Impact of Social Sites on Retail Sales Less than Thought

A new study from JupiterResearch indicates that social sites do little to influence sales but can help with branding. Specifically, social and community sites influence only about 12% of online shoppers to buy more than planned.

About 53% of online shoppers go directly to a retail website to buy while 3% go to blogs first. That means that if you want to use user generated content to sell your products, you had best find a way to incorporate it directly into your retail site.

There are two things about social sites that make them unattractive to shoppers–inefficiency and lack of fundamental information. Shoppers are simply unwilling to wade through lots of biased and incomplete data on social sites. However, 29% say that they use social sites to reaffirm decisions.

Supreme Court Decision Makes Huge Impact on E-tail

Today’s Supreme Court ruling allowing manufacturers to set minimum retail prices is a very big deal, and has huge ramifications for many internet retail businesses.

To understand what could happen as a result of this decision, you must first understand the impact that the Internet has made on retail. In a nutshell, it has created a consumer-friendly environment in which both online and offline retailers engage in suicidal price-cutting wars. The reason for this is simple–instead of consumers having maybe only one or two choices of where to buy specific merchandise, they now have thousands of options, and retailers have to fight furiously for their piece of the pie.

Five More Important Facts About User Reviews in E-tail.

Here are some facts about the use of user reviews that come from a presentation I heard recently from Patti Evans of JupiterResearch.

1) Customers are about twice as likely to write user reviews about good shopping experiences than bad ones. Likewise they are twice as likely to write user reviews about products they like than products they do not like. This is good news for retailers and should help alleviate fears about user reviewers hurting sales.

2) Customers that write user reviews likely spend much more money online. The 20% of online shoppers that write the most reviews account for 32% of total online spending.

3) Almost 50% of online shoppers find user reviews helpful. That 50% spends more online than the other 50%.

Four Things You Should Know About Collecting User Reviews

At Internet Retailer 2007, I was impressed with a presentation presented by Geoffrey Robertson, VP of eCommerce at JC Whitney. JC Whitney is the largest direct marketer of automotive aftermarket parts in the world, and is also one of the largest e-tailers.

Robertson discussed the recent addition of user reviews to their site and gave great information about the impact on sales. Here are the highlights:

1) User reviews have a huge impact on sales. JC Whitney reviews utilize a five star rating. Products that rated five stars saw a 16% increase in revenue, while products that rated four stars saw a 8% increase. However, products that rated three stars saw a 10% decrease in sales. Two stars resulted in a 23% decrease and one star resulted in a 31% decrease in revenue.

Why Do User Reviews Affect E-Tail?

If you are at all trying to stay current on the state of internet retailing, you have probably heard from many sources that you should consider collecting and displaying user reviews for the products you sell.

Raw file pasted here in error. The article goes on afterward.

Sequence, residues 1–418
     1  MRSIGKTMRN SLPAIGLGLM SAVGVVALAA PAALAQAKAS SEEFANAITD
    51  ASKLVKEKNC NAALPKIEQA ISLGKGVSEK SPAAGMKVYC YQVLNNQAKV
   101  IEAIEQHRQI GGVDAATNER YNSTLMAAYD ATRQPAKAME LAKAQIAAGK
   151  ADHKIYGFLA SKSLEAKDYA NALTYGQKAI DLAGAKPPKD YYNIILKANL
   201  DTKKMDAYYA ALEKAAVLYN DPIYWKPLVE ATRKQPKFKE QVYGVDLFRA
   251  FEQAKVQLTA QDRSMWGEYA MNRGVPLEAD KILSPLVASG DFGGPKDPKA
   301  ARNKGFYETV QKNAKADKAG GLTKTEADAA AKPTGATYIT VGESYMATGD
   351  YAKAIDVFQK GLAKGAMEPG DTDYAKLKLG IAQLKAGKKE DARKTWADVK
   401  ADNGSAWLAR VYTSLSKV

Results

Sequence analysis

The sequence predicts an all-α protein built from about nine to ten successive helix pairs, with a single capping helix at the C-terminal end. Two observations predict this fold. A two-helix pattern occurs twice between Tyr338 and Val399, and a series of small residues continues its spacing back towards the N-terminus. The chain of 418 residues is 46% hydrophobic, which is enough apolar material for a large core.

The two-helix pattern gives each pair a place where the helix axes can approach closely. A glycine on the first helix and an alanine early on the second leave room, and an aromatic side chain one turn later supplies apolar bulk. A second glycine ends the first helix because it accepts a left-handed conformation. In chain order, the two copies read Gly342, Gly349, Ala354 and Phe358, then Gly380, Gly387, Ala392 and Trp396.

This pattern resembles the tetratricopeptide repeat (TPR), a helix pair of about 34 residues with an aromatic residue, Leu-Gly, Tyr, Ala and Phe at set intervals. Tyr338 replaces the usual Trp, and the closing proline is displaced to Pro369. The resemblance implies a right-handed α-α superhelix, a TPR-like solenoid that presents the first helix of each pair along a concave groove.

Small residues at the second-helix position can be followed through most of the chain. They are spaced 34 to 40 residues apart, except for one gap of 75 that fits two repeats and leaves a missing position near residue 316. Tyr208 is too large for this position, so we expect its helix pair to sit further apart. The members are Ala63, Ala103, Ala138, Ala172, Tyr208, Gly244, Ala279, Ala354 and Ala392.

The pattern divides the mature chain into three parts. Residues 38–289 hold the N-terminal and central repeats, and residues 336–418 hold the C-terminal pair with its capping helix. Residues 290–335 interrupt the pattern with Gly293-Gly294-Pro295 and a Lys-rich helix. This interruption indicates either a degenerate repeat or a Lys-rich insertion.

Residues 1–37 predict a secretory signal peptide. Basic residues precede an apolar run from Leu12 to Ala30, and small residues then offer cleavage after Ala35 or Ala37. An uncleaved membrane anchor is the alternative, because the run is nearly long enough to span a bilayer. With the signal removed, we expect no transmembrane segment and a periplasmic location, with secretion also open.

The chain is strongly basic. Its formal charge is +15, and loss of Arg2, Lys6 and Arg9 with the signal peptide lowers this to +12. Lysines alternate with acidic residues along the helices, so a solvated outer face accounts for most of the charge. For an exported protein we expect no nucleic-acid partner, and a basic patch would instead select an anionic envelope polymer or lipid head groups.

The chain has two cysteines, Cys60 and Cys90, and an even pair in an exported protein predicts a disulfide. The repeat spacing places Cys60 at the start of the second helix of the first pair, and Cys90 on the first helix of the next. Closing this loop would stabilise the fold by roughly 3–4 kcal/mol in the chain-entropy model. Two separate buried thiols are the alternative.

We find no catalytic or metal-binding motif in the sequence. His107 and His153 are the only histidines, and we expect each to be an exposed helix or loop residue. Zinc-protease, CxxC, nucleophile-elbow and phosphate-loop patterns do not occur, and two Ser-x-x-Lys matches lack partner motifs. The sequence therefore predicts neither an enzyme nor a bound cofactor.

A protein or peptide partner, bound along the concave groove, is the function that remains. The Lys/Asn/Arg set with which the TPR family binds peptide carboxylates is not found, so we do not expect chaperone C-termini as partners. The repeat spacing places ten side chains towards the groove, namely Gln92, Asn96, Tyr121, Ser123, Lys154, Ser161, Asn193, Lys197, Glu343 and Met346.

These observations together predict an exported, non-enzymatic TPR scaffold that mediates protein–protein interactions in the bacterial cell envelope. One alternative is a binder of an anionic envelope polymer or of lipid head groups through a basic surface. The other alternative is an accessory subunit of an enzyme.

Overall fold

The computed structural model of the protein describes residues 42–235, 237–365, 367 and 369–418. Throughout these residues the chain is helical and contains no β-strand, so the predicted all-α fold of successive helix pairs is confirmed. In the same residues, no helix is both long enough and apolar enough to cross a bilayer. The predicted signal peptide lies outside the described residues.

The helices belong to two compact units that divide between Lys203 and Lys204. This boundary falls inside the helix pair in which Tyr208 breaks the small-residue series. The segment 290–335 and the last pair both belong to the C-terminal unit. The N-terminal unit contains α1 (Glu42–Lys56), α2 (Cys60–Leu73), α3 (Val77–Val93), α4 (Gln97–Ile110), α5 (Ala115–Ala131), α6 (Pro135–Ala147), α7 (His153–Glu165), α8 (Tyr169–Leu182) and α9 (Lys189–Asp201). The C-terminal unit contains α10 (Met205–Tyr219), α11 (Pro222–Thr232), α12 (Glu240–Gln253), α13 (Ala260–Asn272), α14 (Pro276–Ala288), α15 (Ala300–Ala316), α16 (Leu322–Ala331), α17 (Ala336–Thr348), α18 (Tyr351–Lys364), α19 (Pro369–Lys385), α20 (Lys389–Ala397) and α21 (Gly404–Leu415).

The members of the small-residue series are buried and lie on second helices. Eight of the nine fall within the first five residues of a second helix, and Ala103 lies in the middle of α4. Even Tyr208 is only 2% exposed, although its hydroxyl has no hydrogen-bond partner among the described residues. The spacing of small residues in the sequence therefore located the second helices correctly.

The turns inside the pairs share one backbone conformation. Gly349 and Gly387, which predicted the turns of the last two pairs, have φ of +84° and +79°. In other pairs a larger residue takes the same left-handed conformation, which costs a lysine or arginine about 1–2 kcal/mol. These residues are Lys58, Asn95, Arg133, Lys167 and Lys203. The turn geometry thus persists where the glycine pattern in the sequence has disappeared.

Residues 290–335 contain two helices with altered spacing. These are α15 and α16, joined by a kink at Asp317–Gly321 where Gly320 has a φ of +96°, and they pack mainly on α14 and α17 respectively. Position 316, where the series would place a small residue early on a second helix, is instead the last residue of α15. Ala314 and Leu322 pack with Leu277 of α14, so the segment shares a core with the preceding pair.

This makes sense. It is important to understand that people are starting to trust collaborative wisdom more than sources that traditionally would be considered more authoritative.

Read this report from Pew Internet. If you want your eyes opened, look at the graph on page four that compares traffic between Wikipedia and Encarta. If that will not wake you up, nothing will.

Combatting Chicken Little (Is the E-tailing sky falling?)

Everyone is buzzing about the New York Times article from last week that suggests that we are entering the “Dot Calm” era. In a nutshell, sales growth was at 25% online last year, but seems to be slowing.

The article correctly notes an important trend–the multi-channel shopping experience that shoppers seem to like. They want to use the web for information and then go to a brick and mortar store to actually pick up the product. This spells trouble for online-only retailers but signals an opportunity for retailers that are involved in multi-channel or are developing their own brands.

All in all, I think that the reaction to this article is far overblown. We all knew that online sales growth would slip because almost everyone that can be expected to shop online is now connected to the Internet and shopping away. The maturation of online retail was inevitable.

Slick Tools Increase Conversion (If They are used!)

As I wrote last week, interactive tools that enhance the customer buying experience are the current hot trend in internet retail. These tools use client side technology to allow customers to quickly find the best product for them based on criteria they specify.

Blue Nile’s “Build Your Own Ring” is a good example of this kind of tool, and is probably a big reason for their incredible growth. Home Depot’s Grill Finder is another impressive tool.

At Vitabase, we have been experimenting for the last few months with our Health Guru, a tool that allows customers to answer a few questions and recommends the best health supplement based on their answers. You can see how it helps a customer choose a multi-vitamin here.